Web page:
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This video is part of

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User Experience Fundamentals for Web Design

52 video lessons · 26612 viewers

Chris Nodder
Author

 
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  1. 1m 7s
    1. Welcome
      1m 7s
  2. 4m 37s
    1. Building a site for your visitors
      1m 29s
    2. Understanding how people browse the web
      45s
    3. It's all about information
      48s
    4. What causes people to leave sites?
      1m 35s
  3. 3m 50s
    1. Simple design
      1m 9s
    2. Consistent design
      1m 11s
    3. Standard design
      1m 30s
  4. 20m 55s
    1. Elements of navigation
      1m 21s
    2. Content has a structure
      2m 18s
    3. Understanding menus
      3m 19s
    4. Reviewing some menu myths
      2m 4s
    5. Working with site maps
      1m 5s
    6. Adding search to your site
      2m 53s
    7. Understanding links
      3m 43s
    8. Exploring clickable elements
      1m 18s
    9. Understanding Fitts's Law
      2m 54s
  5. 11m 19s
    1. People can begin from any page on your site
      1m 24s
    2. Elements every web page should have
      3m 25s
    3. Creating progressive navigation
      3m 22s
    4. Arranging your content
      3m 8s
  6. 8m 7s
    1. How people read on the web
      2m 31s
    2. Writing for information exchange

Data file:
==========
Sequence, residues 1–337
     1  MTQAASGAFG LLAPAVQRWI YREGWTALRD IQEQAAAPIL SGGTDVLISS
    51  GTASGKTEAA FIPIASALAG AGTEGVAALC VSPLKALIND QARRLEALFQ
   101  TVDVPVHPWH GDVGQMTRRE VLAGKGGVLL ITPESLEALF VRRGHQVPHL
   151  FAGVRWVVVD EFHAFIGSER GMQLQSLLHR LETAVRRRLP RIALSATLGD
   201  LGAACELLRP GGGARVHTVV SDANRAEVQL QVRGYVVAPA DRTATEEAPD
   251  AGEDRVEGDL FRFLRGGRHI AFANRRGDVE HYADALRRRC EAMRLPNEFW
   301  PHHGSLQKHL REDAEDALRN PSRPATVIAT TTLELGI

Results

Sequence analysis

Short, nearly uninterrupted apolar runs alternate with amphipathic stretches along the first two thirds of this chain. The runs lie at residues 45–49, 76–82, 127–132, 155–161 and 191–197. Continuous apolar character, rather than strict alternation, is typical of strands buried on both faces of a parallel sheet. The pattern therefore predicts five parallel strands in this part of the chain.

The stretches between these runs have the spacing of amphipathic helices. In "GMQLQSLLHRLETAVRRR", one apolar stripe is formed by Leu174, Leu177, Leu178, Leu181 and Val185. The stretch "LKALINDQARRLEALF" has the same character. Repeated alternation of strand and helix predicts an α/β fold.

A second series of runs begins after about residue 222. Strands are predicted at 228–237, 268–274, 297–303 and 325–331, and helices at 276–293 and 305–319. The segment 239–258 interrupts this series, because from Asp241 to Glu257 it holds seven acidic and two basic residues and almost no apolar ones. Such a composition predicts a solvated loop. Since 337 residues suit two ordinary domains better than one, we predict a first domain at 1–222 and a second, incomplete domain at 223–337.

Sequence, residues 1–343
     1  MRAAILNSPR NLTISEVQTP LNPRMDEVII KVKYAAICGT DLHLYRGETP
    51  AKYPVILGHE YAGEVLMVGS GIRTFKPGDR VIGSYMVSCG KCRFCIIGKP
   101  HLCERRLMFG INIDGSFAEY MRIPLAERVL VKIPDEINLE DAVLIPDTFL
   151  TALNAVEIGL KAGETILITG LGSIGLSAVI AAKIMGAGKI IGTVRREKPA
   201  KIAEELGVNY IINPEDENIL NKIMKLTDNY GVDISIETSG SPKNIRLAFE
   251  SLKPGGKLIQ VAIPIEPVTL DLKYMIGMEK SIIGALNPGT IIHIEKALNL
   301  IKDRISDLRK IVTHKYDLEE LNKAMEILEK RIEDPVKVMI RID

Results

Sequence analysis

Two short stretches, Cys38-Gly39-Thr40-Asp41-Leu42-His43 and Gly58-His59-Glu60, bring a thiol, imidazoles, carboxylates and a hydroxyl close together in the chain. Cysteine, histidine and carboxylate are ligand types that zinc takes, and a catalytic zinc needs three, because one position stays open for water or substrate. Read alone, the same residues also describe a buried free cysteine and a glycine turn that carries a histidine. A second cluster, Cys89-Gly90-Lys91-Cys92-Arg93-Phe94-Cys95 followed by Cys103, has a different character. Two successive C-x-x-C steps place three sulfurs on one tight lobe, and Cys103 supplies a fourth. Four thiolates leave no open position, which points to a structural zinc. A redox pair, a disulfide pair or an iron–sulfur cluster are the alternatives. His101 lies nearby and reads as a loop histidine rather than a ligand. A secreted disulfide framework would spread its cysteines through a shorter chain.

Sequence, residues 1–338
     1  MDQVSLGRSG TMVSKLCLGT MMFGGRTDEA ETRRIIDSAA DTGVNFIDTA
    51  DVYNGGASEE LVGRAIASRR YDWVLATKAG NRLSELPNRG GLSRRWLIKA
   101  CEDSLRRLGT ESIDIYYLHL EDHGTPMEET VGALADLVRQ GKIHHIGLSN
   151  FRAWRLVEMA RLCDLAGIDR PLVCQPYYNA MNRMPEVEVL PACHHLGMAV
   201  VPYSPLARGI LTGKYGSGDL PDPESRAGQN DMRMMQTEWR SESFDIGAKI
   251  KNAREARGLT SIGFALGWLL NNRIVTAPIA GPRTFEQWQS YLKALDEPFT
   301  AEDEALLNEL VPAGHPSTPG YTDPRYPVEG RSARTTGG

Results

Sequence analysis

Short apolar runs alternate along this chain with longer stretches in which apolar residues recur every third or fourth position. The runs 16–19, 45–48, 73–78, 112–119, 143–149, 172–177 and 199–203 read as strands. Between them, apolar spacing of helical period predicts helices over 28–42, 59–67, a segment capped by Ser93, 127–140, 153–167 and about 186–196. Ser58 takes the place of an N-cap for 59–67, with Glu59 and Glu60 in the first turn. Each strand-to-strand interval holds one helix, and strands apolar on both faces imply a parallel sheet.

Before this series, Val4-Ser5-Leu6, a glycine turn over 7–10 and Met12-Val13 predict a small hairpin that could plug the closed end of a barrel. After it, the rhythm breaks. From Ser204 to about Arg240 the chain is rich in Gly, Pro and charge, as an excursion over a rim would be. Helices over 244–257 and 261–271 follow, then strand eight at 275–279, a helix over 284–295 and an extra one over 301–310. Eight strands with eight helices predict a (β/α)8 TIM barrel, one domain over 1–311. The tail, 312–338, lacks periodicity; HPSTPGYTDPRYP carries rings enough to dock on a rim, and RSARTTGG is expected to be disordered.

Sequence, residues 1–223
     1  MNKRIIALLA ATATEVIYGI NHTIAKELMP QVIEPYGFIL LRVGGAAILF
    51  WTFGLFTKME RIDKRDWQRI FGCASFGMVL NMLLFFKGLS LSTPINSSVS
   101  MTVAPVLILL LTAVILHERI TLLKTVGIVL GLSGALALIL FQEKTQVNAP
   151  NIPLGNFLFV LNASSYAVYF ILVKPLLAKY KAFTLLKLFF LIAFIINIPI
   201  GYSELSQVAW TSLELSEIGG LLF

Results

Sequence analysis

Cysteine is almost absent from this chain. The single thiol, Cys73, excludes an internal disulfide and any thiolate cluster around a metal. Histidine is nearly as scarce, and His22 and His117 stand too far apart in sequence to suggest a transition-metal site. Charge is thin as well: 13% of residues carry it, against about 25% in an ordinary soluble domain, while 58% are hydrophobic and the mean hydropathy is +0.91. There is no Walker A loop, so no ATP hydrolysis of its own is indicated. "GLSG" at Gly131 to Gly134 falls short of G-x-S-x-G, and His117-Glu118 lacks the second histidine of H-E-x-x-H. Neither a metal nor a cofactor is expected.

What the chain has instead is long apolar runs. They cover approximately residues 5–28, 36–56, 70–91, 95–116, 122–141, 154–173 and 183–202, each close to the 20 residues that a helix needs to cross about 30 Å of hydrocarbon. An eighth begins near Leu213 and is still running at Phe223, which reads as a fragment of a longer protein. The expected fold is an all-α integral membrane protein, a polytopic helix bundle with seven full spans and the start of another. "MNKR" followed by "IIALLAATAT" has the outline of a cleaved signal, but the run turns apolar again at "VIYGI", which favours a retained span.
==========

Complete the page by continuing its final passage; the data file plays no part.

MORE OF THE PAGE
1m 43s
    3. Formatting pages for information exchange
      3m 53s
  7. 7m 21s
    1. Using your homepage as a site summary
      1m 50s
    2. Creating fresh content
      1m 20s
    3. Displaying navigation and search
      1m 25s
    4. The five-second test
      2m 46s
  8. 8m 8s
    1. Showing people what you've got
      3m 50s
    2. Making comparisons easy
      1m 24s
    3. Creating landing pages from ad campaigns
      2m 54s
  9. 11m 22s
    1. The real purpose of detail and product pages
      1m 16s
    2. Writing descriptive text
      2m 4s
    3. Using images to set context
      2m 17s
    4. Showing the price for products
      2m 27s
    5. Have a call to action
      1m 36s
    6. About Us: a special detail page
      1m 42s
  10. 10m 58s
    1. Ask for information in context
      2m 25s
    2. Making forms as painless as possible
      2m 34s
    3. Creating form fields
      3m 37s
    4. Handling errors gracefully
      2m 22s
  11. 9m 9s
    1. Using different types of media
      1m 55s
    2. Simple question: Does it enhance the experience?
      2m 15s
    3. Using graphics for explanation, not decoration
      1m 17s
    4. What is interactive content?
      1m 58s
    5. Laying out your page for media
      1m 44s
  12. 5m 3s
    1. Making money without selling out
      1m 37s
    2. Adding graphical ads
      2m 10s
    3. Creating text ads
      1m 16s
  13. 3m 42s
    1. Simple, consistent, and standard design
      2m 4s
    2. Consider your users and you'll be fine
      1m 38s
  14. 1m 31s
    1. More resources
      1m 31s